Oh, I was still in the forward world when I had them. I was still at the bank. I kiddingly used to joke with the president of the bank and said, “I had my kids on bank holidays,” which I did. Memorial Day and President’s Day are my kids’ birthdays.

So well done. That’s very nice.

So I said, “I didn’t miss a beat. I had them on banker’s holidays and kept working.”

That’s fabulous. After you had those boys, you went right back to work?

A couple weeks after, whatever the maternity leave was. Nine weeks, 12 weeks, whatever it was.

Yeah. Okay. Wow.

They kept me busy.

I’m sure they did. That’s very impressive though that you arranged that to have them on holidays. I like that. So where do you want to be financially five years from now?

Five years from now I want to rightsize to a new location.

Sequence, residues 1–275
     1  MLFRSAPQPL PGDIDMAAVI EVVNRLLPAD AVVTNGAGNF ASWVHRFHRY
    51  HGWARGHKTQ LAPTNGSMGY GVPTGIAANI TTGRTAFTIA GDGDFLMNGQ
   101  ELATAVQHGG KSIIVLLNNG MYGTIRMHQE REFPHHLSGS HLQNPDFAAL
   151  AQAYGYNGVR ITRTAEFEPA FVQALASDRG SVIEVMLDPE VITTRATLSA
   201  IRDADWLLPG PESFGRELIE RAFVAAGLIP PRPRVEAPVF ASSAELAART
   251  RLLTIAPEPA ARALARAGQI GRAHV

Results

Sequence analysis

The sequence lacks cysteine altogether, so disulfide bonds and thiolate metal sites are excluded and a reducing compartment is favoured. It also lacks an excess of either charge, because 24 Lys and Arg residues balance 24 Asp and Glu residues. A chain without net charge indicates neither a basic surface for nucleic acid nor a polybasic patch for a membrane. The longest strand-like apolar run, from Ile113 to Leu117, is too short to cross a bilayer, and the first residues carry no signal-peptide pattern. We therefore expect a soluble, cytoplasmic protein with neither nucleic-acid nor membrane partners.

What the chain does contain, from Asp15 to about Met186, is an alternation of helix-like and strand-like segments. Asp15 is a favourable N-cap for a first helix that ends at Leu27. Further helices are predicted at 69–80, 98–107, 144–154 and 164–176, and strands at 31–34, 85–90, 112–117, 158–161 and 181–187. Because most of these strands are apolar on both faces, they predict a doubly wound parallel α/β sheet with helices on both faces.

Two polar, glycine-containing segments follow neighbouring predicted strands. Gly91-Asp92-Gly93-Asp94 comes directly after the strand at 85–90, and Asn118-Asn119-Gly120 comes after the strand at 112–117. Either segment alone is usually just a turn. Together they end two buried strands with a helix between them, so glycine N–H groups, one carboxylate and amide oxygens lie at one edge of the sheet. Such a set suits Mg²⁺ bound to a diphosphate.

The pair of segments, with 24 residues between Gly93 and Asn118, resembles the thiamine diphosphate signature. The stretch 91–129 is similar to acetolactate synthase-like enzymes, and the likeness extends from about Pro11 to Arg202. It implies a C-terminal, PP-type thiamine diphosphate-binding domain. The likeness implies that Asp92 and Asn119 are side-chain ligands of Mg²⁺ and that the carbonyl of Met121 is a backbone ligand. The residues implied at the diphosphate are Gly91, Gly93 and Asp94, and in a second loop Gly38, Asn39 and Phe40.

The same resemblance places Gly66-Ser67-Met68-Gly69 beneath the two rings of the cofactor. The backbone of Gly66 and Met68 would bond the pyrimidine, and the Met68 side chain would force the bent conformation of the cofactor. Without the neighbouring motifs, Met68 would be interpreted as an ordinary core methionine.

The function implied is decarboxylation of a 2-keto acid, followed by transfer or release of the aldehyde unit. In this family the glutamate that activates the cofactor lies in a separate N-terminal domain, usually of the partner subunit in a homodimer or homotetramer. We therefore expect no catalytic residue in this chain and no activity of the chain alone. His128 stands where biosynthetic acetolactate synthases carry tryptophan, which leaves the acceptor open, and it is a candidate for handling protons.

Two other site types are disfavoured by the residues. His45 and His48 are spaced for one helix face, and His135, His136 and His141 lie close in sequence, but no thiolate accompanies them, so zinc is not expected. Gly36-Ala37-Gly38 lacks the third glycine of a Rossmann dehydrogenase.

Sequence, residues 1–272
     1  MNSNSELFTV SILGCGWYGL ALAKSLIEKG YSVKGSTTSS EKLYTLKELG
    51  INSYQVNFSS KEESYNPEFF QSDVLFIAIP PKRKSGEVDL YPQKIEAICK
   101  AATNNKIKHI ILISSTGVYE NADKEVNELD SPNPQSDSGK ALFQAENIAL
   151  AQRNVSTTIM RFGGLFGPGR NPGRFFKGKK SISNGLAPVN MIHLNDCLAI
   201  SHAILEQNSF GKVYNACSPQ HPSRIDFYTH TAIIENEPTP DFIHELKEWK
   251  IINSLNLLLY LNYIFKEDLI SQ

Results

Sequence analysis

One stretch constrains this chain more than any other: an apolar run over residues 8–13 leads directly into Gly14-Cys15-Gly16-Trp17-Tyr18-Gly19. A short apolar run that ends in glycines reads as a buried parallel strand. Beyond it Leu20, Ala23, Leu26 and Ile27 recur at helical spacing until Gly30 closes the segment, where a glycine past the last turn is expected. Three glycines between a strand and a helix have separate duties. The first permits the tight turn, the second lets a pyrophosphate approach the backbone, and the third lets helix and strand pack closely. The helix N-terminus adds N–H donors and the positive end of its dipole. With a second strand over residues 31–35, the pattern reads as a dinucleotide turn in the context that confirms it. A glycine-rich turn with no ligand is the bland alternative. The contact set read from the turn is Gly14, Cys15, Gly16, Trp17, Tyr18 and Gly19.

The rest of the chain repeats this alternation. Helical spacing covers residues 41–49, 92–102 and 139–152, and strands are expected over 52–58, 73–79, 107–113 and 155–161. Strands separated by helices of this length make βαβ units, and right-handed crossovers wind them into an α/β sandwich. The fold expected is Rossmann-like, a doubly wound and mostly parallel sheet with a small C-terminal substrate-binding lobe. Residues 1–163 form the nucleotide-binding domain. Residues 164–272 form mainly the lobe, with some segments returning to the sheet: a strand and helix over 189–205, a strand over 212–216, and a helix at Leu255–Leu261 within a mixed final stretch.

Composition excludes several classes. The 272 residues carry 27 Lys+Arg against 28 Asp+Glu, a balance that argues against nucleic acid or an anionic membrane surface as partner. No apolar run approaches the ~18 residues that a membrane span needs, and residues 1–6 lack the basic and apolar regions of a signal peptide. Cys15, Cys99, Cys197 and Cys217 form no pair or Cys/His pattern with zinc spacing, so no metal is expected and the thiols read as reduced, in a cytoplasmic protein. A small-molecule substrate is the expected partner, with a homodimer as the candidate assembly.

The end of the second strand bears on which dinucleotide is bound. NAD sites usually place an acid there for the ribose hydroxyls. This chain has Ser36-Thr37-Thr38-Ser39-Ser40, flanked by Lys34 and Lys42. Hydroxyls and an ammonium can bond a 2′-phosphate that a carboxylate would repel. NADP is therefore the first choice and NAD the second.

When my kids settle down.


‘Cause they’re still moving and trying to figure out what they want to do.


And if grandbabies ever come along, you never know.


But I would consider doing a reverse to purchase another house, when I’m old enough, to relocate.


Downsize a little bit.

Okay, that makes sense. What’s on your bucket list?

Always travel. Travel is always on my bucket list.

Where would you like to go that you’ve never been to?

More out west, more like Arizona, Utah, those kind of places. I haven’t seen those yet, so I would like to see that.


I haven’t ventured to Europe. If life settles down a little bit in Europe, maybe I’ll venture there.

Oh, yes. That’s a scary thing. Yes. Absolutely. What about things you’d like to do that you haven’t done as opposed to traveling?

Well, I know I’m never gonna jump out of an airplane, if that’s what you mean.

Oh, okay. Well, that’s good.

I do not want to do that.